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Many believe that organizations have to continually reinvent themselves in order to keep up with all that is changing around them. They point to the fact that those who cling to the status quo eventually die or are acquired by those who don’t, and they often – quite proudly – point to themselves as the poster child of what effective organizational change looks like.
All is not what it seems, however.
The truth is that whether organizations …

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How to Increase Your Personal Change Agility

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We often think of change as something that happens to other people. But, how effective are you personally at dealing with change? The people appointed to lead organizational change efforts sometimes have a skewed perception of their own ability to handle change. Below are a few simple principles that you can employ to enhance your personal change capacity. If you’d like understand you and your team’s personal adaptability to change, take our Self-Assessment of Personal Change Agility.

Choose Your Response

In his book Success Principles, Jack Canfield presents the equation, E+R=O, which stands for Event + Response = Outcome. In a nutshell, it says when you have an event (good or bad), your response to that event will determine the outcome. Rarely can you determine the event, but you do have the ability to choose your response in every situation.

For example, if you learn that your business function is being restructured and as a result your job is threatened, you have choices for how to handle it. You could avoid dealing with change by having a drink and de-stressing. Alternatively, you could take immediate action by letting colleagues in other divisions know that you are considering new roles, calling past employers, updating your resume, etc. That kind of response will increase your odds in finding a new role sooner. Take full responsibility for your situation and know you have the capacity to change your outcome to a better result.

Focus on the Positive

When a transition occurs, be sure to keep your thoughts on what you can control. Keeping your focus on what has happened (or happening) to you will not help you get to where you need to be. Assuming the change is not a positive event, keeping your focus on where you want to be – your ultimate goal – will increase the odds of you dealing with change. The biggest lever you have is your attitude. When you have an attitude that embraces change, rather than resisting change it gives you the ability to work with whatever comes your way.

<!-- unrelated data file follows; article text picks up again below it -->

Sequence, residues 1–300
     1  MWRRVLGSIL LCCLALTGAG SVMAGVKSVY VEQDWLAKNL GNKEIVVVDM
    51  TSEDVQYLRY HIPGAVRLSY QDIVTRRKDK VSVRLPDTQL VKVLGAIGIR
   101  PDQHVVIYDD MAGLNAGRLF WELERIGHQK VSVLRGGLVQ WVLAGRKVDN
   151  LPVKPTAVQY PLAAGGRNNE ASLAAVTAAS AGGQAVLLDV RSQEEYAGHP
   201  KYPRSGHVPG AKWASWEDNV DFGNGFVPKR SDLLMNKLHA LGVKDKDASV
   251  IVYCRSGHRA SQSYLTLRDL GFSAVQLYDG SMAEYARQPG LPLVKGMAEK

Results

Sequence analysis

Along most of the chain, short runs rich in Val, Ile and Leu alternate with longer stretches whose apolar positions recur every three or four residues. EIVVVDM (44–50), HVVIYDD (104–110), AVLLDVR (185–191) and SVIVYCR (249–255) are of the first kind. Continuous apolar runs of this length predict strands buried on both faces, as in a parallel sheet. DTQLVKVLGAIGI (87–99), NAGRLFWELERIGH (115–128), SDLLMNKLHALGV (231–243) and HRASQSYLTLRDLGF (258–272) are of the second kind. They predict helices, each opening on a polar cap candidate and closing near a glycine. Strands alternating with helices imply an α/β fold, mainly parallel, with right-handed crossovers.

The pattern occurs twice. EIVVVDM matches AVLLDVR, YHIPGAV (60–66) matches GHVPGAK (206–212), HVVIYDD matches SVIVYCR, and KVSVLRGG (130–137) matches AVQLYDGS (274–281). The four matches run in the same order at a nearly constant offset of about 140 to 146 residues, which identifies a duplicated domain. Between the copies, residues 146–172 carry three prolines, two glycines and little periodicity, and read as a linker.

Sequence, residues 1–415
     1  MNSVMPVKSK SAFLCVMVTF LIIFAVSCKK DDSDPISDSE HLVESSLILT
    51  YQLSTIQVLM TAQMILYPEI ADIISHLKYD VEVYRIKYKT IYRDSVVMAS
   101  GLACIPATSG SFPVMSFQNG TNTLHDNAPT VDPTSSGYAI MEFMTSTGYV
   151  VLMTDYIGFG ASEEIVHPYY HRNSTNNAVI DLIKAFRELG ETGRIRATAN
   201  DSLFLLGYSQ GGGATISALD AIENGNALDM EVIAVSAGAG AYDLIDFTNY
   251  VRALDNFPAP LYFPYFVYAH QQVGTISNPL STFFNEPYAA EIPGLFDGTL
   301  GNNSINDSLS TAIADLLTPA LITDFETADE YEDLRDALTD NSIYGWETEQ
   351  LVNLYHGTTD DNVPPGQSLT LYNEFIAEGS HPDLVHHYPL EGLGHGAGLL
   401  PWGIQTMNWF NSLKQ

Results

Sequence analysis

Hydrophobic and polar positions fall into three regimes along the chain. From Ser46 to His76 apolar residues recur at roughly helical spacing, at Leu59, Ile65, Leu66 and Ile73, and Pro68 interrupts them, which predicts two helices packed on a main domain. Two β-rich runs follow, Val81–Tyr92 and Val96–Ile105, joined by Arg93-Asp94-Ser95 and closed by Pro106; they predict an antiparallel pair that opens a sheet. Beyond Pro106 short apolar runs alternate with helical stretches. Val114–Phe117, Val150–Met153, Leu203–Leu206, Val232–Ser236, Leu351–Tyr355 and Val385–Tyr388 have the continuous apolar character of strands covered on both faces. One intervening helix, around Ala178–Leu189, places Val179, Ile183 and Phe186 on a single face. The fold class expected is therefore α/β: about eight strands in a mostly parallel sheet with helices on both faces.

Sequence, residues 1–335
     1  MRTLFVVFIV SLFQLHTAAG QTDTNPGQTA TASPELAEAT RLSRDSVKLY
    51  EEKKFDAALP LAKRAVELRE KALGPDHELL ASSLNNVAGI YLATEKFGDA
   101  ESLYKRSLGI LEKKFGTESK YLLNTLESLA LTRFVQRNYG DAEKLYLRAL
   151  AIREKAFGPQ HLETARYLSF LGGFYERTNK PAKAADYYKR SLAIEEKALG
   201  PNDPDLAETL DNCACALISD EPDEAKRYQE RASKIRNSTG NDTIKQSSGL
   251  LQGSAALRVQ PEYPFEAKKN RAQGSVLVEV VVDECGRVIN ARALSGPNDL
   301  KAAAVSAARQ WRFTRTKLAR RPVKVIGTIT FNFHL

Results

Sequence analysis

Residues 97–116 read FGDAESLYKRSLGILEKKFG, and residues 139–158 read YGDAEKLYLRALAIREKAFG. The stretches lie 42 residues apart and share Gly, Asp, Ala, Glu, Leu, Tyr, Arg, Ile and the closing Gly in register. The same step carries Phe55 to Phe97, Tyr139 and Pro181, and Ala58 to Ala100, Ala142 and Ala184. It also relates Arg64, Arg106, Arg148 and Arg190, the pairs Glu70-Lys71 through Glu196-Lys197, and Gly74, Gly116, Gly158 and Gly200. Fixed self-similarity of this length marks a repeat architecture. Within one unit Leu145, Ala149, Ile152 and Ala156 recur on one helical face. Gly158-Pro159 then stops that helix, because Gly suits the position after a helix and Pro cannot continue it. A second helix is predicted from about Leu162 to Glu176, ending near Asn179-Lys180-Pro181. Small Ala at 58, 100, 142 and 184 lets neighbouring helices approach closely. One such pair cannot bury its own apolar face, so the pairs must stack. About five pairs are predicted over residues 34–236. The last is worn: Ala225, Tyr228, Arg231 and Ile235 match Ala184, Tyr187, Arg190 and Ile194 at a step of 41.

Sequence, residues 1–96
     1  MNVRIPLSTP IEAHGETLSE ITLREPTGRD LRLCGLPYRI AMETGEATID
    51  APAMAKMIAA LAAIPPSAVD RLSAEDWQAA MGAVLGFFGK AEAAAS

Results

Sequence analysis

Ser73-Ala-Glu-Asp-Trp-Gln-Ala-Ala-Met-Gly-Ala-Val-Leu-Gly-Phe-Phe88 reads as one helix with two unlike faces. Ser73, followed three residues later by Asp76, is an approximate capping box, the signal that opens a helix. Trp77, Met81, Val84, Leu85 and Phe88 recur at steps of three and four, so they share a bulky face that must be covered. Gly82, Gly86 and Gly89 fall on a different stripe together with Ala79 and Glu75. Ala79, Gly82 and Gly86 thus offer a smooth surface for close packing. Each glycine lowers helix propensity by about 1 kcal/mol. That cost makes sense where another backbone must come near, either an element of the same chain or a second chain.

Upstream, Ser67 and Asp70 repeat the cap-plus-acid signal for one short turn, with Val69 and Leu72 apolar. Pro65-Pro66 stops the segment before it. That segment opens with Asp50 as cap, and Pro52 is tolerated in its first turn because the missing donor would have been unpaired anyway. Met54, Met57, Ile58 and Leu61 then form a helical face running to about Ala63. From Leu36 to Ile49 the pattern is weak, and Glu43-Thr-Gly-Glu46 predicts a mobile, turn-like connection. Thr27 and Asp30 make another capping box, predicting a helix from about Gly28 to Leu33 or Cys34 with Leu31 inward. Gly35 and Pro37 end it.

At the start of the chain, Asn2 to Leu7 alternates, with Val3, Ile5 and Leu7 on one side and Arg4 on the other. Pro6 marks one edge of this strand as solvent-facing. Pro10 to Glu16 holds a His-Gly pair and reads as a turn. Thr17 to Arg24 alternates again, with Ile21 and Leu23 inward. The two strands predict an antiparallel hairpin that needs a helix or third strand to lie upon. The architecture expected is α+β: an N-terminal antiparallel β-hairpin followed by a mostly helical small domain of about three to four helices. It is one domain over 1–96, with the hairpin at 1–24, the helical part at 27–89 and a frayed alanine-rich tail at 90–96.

Seek Inner Security

Security is one of the foundational components of Maslow’s hierarchy of human needs. It’s the belief that you can handle any change that comes your way and knowing that you will be okay. If you lose your job, and it shakes your life to the core, then your security lies with the job or money. Those are external factors, which will not give you true security. Of course money is important, but losing a job is only a temporary setback for those who have inner security. Some people believe that inner security is a skill that you develop or something that you’re born with. But, in reality, inner security is a choice that you make.

Reach Out to Others

When dealing with a change that you believe is too big to handle, enlist the help of other people – trusted friends, co-workers, or support groups. They can offer insights, comfort, and support that you cannot do for yourself. This may seem obvious, but it is often overlooked.

>> Download the Self-Assessment of Personal Change Agility

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Jesse Jacoby
The Editor of Emergent Journal and founder of Emergent, Jesse is a recognized expert in business transformation. He and his team partner with Fortune 500 and mid-market companies to deliver successful people and change strategies. Jesse is the creator of the Accelerating Change & Transformation (ACT) model and developer of Change Accelerator and Savvy Transition. Contact Jesse at 303-883-5941 or jesse@emergentconsultants.com.

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